By David S. Menjor and Simeon S. Wiakanty – Liberia Observer
Students of the University of Liberia (UL) and the Tubman University (TU) in Maryland County have all reasons to smile as President George Weah yesterday declared both public universities in the country tuition-free.
Amid a thunderous applause in the auditorium of the University of Liberia’s Capitol Hill campus President Weah said considering the constraints students at the public universities face each semester, and the need to push the Pro-poor Agenda through capacity and skills development, it is now the time for students attending the institutions to learn without any worry of tuition.
“We will never be successful, as a government, if we do not place more emphasis on the development of our human capital and, as such, we have to invest in quality education,” Weah said.
He said as a visitor to the University of Liberia, he is fully aware of the challenges facing the university and now is the right time for the government to turn its attention to the development of the country’s manpower needs.
“I, President George M. Weah, on behalf of the Liberian people and the government, therefore declare free tuition at the University of Liberia and other public universities for undergraduate programs,” Weah said amid jubilation from the students of the UL.
He said the inability of young people to continue their education is a very serious issue in the country and it is against this backdrop that his government has seen it prudent to invest in order to ensure that young people acquire quality education.
In addition to the two universities, Weah also said all community colleges across the country are also included in the free tuition spree.
“I personally believe in education. Therefore, I feel that the constant drop out of students from the various schools is counterproductive,” he said
He said his government, therefore, believes that the time has come to take bold steps to address the perennial problems in the country.
Although he did not elaborate in detail, Weah said there is a definite link between an educated citizenry and economic growth and that in view of that the government has decided to build its human capital in order to keep a firm economic growth and make the country a better place.
Concerning the hectic moments students have been going through at the University of Liberia to register during each semester, his government recently laid that quagmire to rest by providing the digital means for fast and easy registration of all students as well as administration’s operations.
“Over the years, we are aware that students at the state-run university have suffered by standing in a long queue for registration purpose, which was due to a lack of a proper system to effectively and efficiently manage students’ registration processes. And with the school population up to forty thousand students, it has been a serious concern to us,” he said.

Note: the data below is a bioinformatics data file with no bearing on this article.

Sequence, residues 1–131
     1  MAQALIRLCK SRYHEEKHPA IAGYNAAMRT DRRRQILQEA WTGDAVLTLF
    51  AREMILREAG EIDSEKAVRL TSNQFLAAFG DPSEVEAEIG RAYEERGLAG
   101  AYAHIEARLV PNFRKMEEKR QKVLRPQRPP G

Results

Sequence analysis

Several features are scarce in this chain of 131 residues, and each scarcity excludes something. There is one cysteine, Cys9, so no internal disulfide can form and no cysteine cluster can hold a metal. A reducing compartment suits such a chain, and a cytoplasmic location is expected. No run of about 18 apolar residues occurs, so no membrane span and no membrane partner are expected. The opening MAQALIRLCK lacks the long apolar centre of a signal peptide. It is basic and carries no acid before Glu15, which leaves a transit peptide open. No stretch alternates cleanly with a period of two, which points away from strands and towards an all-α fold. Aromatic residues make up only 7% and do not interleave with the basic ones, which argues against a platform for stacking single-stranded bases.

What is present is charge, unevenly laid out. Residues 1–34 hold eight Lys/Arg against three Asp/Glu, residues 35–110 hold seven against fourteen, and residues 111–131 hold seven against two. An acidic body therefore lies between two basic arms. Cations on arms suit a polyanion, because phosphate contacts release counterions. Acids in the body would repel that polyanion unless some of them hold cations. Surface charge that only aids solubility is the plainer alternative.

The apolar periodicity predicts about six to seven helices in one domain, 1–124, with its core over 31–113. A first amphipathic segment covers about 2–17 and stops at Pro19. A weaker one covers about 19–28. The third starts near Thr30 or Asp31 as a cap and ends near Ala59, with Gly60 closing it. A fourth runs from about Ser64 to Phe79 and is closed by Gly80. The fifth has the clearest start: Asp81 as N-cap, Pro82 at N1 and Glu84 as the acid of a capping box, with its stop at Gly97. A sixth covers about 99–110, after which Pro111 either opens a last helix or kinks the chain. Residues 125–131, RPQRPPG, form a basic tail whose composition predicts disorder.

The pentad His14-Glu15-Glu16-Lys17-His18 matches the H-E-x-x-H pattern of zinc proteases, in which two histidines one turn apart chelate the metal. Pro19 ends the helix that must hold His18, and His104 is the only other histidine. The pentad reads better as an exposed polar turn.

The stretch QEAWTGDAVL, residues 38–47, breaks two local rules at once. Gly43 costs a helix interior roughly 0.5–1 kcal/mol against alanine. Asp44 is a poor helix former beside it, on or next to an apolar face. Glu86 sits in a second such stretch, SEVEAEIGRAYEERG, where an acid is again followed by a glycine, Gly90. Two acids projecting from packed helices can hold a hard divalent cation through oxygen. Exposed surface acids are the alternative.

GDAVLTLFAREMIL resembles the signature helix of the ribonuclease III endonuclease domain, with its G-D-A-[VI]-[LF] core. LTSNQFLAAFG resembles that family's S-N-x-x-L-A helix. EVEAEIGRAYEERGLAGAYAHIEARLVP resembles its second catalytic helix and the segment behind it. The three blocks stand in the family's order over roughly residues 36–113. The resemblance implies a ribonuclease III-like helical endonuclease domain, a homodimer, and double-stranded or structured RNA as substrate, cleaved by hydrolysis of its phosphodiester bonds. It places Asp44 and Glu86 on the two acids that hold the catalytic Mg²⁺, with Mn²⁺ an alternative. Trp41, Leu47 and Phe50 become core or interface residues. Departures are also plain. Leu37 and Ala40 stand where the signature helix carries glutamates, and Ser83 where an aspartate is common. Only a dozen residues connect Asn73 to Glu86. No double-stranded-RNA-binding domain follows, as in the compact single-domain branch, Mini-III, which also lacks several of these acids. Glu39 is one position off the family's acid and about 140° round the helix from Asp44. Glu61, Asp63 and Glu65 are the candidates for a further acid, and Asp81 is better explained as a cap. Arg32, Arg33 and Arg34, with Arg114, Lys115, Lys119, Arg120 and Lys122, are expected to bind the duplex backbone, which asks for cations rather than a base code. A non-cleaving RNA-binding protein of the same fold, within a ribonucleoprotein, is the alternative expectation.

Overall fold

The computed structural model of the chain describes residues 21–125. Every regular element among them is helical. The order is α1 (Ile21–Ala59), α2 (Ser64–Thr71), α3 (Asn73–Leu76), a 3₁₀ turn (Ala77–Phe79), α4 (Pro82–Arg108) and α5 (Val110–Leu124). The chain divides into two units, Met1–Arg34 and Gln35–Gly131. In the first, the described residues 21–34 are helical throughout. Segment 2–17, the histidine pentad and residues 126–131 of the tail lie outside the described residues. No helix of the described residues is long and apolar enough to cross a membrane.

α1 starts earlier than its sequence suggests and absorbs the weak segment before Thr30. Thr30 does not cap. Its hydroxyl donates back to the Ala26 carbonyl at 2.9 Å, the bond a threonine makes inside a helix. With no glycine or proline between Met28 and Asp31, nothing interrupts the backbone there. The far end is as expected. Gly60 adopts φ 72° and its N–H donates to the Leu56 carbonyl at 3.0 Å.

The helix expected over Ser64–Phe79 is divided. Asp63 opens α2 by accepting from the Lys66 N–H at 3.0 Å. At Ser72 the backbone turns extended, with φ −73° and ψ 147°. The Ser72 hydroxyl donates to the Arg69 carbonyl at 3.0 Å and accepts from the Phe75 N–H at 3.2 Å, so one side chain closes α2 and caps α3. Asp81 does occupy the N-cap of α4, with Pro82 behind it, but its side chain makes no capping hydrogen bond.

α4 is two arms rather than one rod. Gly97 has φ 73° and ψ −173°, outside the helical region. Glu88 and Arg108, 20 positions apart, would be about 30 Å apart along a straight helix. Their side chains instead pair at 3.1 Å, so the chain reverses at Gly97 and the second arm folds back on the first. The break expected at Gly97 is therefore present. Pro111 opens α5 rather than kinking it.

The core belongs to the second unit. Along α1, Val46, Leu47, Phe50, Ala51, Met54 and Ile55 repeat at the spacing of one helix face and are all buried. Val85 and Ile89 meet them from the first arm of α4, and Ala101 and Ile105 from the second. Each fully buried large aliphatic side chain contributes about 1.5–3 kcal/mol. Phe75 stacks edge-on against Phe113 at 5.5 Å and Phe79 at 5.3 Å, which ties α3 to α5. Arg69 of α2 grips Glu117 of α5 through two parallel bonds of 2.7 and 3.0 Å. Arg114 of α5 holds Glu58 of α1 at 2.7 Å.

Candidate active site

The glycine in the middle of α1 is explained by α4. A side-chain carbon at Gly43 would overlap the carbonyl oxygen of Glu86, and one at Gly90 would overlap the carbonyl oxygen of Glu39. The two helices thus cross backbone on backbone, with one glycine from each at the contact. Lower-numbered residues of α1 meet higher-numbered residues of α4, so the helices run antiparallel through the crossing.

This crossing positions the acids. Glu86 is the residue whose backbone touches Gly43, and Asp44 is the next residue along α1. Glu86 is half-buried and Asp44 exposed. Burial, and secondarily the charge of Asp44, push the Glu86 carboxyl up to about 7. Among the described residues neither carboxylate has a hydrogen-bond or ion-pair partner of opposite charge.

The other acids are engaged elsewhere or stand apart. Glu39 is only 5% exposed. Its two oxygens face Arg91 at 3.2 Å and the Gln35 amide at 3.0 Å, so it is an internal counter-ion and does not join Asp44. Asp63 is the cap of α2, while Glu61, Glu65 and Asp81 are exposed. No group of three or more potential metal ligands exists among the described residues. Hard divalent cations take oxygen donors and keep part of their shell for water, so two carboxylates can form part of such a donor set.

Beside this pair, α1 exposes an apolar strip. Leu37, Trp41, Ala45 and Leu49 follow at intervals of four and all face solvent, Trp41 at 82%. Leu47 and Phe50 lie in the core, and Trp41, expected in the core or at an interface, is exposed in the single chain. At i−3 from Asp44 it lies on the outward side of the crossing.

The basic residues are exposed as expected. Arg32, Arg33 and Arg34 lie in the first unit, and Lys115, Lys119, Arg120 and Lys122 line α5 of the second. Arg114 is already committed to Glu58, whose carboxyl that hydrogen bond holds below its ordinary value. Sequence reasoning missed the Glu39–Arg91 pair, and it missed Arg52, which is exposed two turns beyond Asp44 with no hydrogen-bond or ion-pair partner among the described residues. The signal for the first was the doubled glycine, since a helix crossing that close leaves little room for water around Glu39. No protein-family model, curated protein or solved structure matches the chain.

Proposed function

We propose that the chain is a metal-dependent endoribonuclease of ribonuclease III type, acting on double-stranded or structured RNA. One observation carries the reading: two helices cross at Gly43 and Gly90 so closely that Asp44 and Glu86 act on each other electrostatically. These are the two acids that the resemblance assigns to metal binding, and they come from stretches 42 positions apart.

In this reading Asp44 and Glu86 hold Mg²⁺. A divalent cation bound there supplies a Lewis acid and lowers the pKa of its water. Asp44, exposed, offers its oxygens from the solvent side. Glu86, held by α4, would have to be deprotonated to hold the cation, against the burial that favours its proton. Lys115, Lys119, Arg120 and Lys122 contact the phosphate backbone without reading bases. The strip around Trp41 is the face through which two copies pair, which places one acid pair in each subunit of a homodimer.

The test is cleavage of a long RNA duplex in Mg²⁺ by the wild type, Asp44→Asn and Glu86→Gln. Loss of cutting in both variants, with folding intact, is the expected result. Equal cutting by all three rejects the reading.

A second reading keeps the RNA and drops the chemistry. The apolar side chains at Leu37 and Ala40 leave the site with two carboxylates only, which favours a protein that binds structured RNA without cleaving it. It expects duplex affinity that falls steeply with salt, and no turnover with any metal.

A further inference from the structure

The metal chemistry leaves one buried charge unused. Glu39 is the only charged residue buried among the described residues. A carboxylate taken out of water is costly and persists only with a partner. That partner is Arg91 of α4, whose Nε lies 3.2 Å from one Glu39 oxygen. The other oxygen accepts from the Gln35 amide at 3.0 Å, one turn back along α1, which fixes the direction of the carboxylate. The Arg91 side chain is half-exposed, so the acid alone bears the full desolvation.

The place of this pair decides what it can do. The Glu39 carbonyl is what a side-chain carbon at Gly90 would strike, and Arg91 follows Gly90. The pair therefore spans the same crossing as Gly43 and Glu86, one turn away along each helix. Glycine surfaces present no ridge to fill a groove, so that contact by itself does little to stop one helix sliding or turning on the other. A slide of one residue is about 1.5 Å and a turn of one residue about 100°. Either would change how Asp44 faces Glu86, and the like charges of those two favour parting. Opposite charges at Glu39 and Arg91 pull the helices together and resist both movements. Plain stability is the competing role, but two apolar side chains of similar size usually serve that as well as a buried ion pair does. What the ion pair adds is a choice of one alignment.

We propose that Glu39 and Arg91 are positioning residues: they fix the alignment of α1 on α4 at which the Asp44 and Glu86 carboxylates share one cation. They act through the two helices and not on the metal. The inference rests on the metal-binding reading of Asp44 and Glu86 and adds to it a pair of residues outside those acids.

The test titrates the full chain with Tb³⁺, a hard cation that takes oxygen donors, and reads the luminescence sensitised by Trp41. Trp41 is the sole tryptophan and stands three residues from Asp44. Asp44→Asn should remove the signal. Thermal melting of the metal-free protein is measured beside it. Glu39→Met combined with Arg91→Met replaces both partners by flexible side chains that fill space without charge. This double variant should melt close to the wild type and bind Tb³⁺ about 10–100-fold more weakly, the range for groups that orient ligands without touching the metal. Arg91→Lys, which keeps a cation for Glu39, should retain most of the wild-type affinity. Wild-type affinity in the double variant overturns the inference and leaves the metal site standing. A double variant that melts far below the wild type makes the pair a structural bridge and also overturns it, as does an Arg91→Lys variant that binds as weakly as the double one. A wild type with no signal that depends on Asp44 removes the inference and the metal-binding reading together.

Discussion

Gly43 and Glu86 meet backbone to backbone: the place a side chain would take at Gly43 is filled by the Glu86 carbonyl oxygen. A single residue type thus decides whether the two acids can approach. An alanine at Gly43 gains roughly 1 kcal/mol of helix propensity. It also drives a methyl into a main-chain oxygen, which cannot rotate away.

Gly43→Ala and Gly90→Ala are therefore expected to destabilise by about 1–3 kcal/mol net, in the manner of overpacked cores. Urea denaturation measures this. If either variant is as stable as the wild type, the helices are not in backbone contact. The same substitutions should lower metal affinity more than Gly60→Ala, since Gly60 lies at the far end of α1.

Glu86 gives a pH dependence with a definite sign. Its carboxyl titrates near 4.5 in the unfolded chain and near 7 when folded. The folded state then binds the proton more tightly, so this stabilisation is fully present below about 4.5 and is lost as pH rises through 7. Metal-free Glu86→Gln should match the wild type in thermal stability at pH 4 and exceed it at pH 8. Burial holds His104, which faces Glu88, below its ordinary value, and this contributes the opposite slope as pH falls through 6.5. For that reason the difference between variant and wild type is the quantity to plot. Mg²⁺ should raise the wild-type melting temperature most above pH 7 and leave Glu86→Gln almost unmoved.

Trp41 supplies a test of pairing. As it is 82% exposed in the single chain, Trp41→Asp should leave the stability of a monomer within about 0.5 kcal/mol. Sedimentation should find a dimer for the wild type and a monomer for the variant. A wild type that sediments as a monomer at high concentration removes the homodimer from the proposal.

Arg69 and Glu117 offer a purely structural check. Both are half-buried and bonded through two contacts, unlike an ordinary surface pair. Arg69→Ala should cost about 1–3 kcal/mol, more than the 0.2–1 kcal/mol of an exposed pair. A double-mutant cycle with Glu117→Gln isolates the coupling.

He added that realizing the critical importance of the digitization system, the CDC-led government included in its scope of decisions, a maximum priority and support earlier this month when he visited the UL Fendell Campus to dedicate the newly digitized system that is currently providing easy access to the registration process for students as well as a vital internet access for research purposes.
He said he was rising from his office’s seat at the Foreign Affairs Ministry on Friday, October 19, when he heard battle cries and chants from a group of students of the UL who were protesting against alleged attempts by the University’s administration to increase tuition from US$ 4 to US$6 or its equivalent in Liberian dollars. However, he later received information from Norris Tweh, who is Vice President for UL Relations, that there was no increment to the tuition per credit hour.
He encouraged students at the University of Liberia and other public schools to always seek common ground with administrations instead of going into the streets to protest.
“Let me encourage all students that if there is a problem between the UL administration and the student body, it is important to negotiate rather than to vibrate,” he said.
Weah said his government is prepared to allot more funds to education, and it is his hope that the UL will become a proud university among several other universities in the sub-region.
When contacted via mobile phone for the Ministry of Education’s impression on the President’s declaration of free tuition education at the UL and other public institutions of learning, Deputy Minister for Administration at MOE, Latim DaThong, said his office will today respond to the President’s statement.
Source: Liberia Observer